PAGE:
Distracted driving is one of the most common reasons for car accidents in the U.S. Even a small and seemingly minor distraction, such as looking down for a second, can lead to a difficult situation. Many carmakers are equipping their vehicles with new safety features to reduce the risks of distracted driving, but there’s only so much your car can do for you. Below are 7 sobering facts about the risks of being distracted when you’re driving.
1. Distracted Driving Isn’t Just About Texting
Texting is one of the more common forms of distracted driving, but certainly not the only one.
Distracted driving is anything that is taking your attention from the road. This can include talking to a passenger in the car with you, using your navigation or entertainment system, eating, or drinking.
If your full attention isn’t on the road, then you are engaging in distracted driving.
Even just letting your thoughts wander behind the wheel can be dangerous.
2. It’s Potentially Deadly to Take Your Eyes Off the Road for 5 Seconds
If you’re looking down to read a text, for example, even just for five seconds, by the time you look up again if you’re going 55 mph, you’ve already driven the length of an entire football field. Imagine closing your eyes and driving that field. It seems crazy, but that’s what you’ve just done.
Add to this the fact that it can take your brain up to 13 seconds to refocus on your surroundings after you look at your cell phone, even though you might feel like you just glanced for a second. While your brain is refocusing, your driving skills and attention aren’t at their peak.
3. Fatalities Rates Are Highest for Teen
Around 10% of all deadly crashes in 2015 were because of distracted driving, according to the NHT, and 15% of crashes resulting in injuries were. Many experts believe that distracted driving crashes are significantly under-reported too.
The risk of being in a fatal crash because of distracted driving is much higher for teens than for drivers who are 20 and older—three times greater, in fact.
Around 58% of all teen car crashes are attributed to driver distraction.
Statistics and data indicate that deaths from traffic crashes are going up due to distracted driving.
4. Texting Can Be More Dangerous Than Drinking and Driving
Research shows texting while you’re driving is six times more dangerous than intoxicated driving.
The Transport Research Laboratory found that texting slows your reactions as a driver by 35% while drinking alcohol up to the legal limit slows your reactions by 12%.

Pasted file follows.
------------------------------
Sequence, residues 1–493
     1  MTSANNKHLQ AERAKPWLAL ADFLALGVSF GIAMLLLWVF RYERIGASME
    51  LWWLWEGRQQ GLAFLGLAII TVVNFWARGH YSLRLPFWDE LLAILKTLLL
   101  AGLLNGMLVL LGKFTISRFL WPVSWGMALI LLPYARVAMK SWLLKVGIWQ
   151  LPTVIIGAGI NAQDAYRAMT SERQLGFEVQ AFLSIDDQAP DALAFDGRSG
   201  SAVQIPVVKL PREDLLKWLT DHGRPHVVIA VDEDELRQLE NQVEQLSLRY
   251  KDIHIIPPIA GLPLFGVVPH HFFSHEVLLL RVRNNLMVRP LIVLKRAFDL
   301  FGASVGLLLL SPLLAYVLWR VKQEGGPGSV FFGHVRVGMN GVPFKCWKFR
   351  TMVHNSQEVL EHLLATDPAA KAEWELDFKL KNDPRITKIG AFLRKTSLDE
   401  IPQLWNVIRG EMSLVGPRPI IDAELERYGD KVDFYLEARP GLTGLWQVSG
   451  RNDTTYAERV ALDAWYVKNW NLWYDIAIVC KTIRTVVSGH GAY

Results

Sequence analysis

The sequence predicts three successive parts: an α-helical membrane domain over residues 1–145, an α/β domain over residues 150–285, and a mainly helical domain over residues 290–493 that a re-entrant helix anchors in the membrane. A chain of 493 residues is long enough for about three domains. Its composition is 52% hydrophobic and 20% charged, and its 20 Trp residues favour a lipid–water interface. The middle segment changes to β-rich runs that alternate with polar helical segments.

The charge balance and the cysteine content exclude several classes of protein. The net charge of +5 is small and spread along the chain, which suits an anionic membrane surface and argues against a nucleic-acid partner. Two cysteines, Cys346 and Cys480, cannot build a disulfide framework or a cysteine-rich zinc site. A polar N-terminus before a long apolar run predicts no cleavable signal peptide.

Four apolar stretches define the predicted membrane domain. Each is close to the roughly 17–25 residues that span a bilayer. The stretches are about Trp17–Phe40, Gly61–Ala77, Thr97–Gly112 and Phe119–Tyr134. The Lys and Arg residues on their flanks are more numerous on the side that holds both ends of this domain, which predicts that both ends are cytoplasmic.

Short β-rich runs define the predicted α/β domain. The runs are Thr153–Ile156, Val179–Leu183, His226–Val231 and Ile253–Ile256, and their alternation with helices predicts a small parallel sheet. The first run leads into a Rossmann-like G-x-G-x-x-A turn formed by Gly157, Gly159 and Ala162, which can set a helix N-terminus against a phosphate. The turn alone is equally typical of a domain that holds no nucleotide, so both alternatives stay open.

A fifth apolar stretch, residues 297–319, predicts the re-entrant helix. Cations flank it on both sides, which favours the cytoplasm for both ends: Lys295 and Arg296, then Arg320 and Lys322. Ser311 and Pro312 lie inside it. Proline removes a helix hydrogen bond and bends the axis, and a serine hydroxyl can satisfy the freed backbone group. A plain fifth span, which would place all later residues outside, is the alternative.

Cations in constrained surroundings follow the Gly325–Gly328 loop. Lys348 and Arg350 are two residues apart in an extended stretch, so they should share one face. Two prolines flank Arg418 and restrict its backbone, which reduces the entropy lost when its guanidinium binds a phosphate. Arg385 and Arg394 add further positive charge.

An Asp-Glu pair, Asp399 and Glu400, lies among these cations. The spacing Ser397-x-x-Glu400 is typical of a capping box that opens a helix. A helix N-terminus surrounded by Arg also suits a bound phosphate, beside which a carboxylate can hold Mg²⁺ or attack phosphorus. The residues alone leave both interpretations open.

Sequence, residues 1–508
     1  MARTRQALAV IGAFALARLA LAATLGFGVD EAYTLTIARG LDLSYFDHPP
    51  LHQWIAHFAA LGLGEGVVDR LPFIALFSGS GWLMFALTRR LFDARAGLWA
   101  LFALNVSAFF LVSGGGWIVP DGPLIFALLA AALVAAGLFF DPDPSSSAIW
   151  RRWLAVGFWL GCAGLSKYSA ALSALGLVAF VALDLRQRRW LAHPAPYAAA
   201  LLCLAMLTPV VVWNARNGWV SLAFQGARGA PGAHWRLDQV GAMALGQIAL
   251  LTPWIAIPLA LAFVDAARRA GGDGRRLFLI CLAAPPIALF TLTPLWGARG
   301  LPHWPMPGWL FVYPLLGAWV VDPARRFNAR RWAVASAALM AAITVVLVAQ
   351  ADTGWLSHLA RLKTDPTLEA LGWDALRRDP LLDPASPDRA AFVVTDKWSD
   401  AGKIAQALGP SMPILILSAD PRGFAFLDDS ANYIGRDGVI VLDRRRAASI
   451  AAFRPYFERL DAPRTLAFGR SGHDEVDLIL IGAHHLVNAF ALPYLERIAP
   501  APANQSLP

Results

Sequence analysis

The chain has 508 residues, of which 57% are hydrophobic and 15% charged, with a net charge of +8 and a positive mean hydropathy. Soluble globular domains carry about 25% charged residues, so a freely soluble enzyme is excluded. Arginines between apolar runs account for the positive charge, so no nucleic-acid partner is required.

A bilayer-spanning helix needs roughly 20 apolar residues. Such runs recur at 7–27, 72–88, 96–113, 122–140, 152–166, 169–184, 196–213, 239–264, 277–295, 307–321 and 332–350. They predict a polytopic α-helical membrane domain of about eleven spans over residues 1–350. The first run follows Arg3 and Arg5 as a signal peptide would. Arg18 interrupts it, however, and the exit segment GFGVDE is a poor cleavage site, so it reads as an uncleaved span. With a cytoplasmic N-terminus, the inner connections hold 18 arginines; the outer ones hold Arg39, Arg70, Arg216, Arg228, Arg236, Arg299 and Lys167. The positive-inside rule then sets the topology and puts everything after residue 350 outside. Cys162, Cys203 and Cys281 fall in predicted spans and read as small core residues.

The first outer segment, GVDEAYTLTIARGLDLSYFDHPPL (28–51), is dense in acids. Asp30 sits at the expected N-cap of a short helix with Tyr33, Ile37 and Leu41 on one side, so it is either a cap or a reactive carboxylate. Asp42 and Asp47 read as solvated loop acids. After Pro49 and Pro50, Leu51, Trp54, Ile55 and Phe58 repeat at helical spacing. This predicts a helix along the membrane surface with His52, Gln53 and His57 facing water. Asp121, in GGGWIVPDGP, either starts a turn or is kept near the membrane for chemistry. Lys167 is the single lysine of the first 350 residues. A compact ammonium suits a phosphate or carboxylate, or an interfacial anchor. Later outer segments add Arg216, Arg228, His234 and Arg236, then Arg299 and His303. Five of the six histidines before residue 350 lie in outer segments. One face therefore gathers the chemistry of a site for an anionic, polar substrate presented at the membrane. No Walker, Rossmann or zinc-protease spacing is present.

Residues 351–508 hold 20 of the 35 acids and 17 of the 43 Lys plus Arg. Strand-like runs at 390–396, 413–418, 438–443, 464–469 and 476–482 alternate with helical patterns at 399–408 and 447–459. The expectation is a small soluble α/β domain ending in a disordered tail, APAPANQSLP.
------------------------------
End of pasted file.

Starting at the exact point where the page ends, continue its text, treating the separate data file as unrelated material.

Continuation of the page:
That doesn’t mean that drinking and driving aren’t incredibly dangerous and deadly, but statistically, it’s trending downward, while distracted driving deaths are going up. According to the NHTSA, drunk driving deaths have dropped by 1/3 in the past 30 years.
5. Texting and Driving is Illegal In Most States
It’s illegal in almost all states to text and drive. This includes 48 states, as well as Washington D.C., Puerto Rico, Guam, and the U.S. Virgin Islands. Almost all of these states have what’s called primary enforcement laws. That means that if a police officer suspects you are texting and driving, they don’t need another reason to pull you over and give you a ticket.
The rest have secondary enforcement, meaning an officer would need another reason to pull you over before they could give you a ticket for texting and driving.
6. Law Enforcement Can Use Your Texts Against You
If you’re in an accident where someone is hurt, law enforcement can get your cell phone records as evidence you were texting and driving when the crash occurred. Deleting them won’t be helpful because law enforcement can get the records from your service provider.
7. People Don’t Take the Risks of Distracted Driving Seriously
Research continues to show that people recognize the risks of distracted driving. For example, in one survey, more than 84% of drivers said they recognized the distraction risk of cell phones and found it unacceptable to text or email while behind the wheel.
Even so, 36% of the same people said they’d almost sent an email or text message while driving in the past month.
It’s important to make the connection in your own mind about the risks of distracted driving and the very real possibility that if you engage in it, you could get in an accident and hurt yourself or someone else.